NOTE: this weblog is "retired". My current Motorcycling weblog is
My 'overall' weblog is
I intend this blog to be a journal of my motorcycling (mis)adventures.
I passed the MSF RiderCourse
the weekend of October 4th, and bought a motorcycle the following
weekend. I ended up with a '95 BMW K1100RS
with only 6500 miles on the clock!
It's not exactly what I thought I would end up with, but of all the bikes
I test drove, it spoke to me the most. It's really an excellent bike,
and admittedly I'm too new to this to truly deserve/appreciate it. I
hope to change that, in time.
Sometime I may get around to defining my own style for this site, as
I have on my main site, samoht.com. But I've got
to say that this blogger.com-supplied template is so good I'm not feeling
pressed to change it! Thanks blogger!
:: Tuesday, February 04, 2003 ::
:: Monday, February 03, 2003 ::
Well, my bud Steve finally made a sweet deal on a 2001 K1200RS. This, after having been nearly swindled in an internet deal for another K12 gone nightmarish. It was only "nearly" because he actually recouped his money, less bike shipping (a decent wad of cash, actually). His new ride is cherry (or "arrest me") red, which I never thought he'd "settle" for, but I'm sure it's a beauty.
:: Mike 8:48 PM [+] ::
:: Sunday, January 26, 2003 ::
I did my first "canyon ride" last Sunday. I rode up Deer Creek Canyon (see, a canyon ride) over to Turkey Creek Road, then turned around and headed back down. I was fairly comfortable the whole time, although I felt like I was really pokey through some of the turns. One turn really caught me off guard -- it seemed to continue for 360 degrees. I did OK, but I definitely need more practice on this road. I will say, however, that the motorcycles that were behind me for most of the ride stayed a very respectable distance behind. I figure if I was really being pokey, they'd have passed me in no time.
:: Mike 9:17 PM [+] ::
:: Tuesday, January 14, 2003 ::
Blessed with yet another day of incomparable riding weather, I headed out for a nice ride. But first, I'll quickly describe last week's ride. Last week I rode down to Sedalia and over to 105. I continued down 105 to Monument, turned around and headed home. At the turnaround point I hooked up (I use this term loosely, since these guys didn't really give me the time of day) in a parking lot with some other riders, all on replica-racers. I assumed they'd leave me in the dust as soon as we got in the open, but they didn't. I'm not bragging - I was really surprised. Maybe they were taking it easy on purpose, but I had to wonder, "why have a souped-up sportbike if you're going to ride as slow as an early-middle-aged BMW rider?"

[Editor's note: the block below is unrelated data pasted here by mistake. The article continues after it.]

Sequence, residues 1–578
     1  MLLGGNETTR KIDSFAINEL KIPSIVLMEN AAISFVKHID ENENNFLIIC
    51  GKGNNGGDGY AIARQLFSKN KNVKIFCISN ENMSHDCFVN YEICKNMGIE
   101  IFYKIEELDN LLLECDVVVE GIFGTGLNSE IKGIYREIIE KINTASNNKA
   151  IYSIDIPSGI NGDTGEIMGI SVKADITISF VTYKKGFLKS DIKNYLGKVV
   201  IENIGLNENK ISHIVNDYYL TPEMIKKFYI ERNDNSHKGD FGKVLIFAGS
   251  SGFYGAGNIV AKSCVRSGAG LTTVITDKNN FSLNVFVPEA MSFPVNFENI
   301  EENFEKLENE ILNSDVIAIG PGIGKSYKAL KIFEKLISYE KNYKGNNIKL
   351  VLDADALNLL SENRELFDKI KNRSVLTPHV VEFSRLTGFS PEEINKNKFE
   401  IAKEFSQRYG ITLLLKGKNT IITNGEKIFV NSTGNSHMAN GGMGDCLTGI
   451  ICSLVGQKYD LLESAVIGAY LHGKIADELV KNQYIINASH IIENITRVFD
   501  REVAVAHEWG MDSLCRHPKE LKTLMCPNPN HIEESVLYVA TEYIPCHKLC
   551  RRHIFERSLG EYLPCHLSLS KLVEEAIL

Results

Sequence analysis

The temps were in the 60's again today, so I "planned" a ride back down 105 with intentions of doing some exploring. I didn't plan, so much as I threw my GPS into the tank bag, and took off. There were tons of riders out. I think my left hand was off the handlebar a good 50% of the time, waving to other riders. Eventually, I caught up with a pair of riders who were going just a tad bit slower than I'd have gone normally. However, it was a nice day, and I decided to just play it cool, and hang back (a good plan for someone with my lack of experience).
Eventually, it hit me that the rider in front was most likely on a BMW. The rear rider, whom I calculated was a woman, was on a cruiser of some sort. When we stopped to turn toward Palmer Lake, I saw that she was also on a BMW - the R1200C. Anyway, in the spirit of adventure, I decided to just follow these two wherever they went.
We stayed on 105E, after monument, then turned north toward Franktown on 83. We probably averaged around 75mph on 83, which was wide and windy. Just as I started to worry about my gas, they pulled over at a gas station, so I pulled in, too.
Turns out these two are husband and wife, the husband, Bob, on a new-looking R1150R, and Chris on the R1200C cruiser. We had a nice chat, and made over each other's machines. We parted ways at the station, they toward Elisabeth, and me toward I25, and home.
I'm noticing that I've gained a lot of confidence and handling skills on the motorcycle. That's nice, after my period of intimidation (not severe, but always there). Most of my "moves" feel pretty natural, and yet I've managed not to overextend myself and get into a scary situation. Things that used to freak me out a little now feel normal, and I push the envelope just a little more each time. I guess that's what it's all about.
:: Mike 7:21 PM [+] ::
:: Thursday, January 09, 2003 ::